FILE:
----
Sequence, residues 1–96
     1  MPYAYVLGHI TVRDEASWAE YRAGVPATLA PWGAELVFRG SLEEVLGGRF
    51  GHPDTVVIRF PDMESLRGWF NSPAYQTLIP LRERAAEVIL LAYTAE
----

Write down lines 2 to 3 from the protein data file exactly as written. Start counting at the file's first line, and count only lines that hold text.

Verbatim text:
     1  MPYAYVLGHI TVRDEASWAE YRAGVPATLA PWGAELVFRG SLEEVLGGRF
    51  GHPDTVVIRF PDMESLRGWF NSPAYQTLIP LRERAAEVIL LAYTAE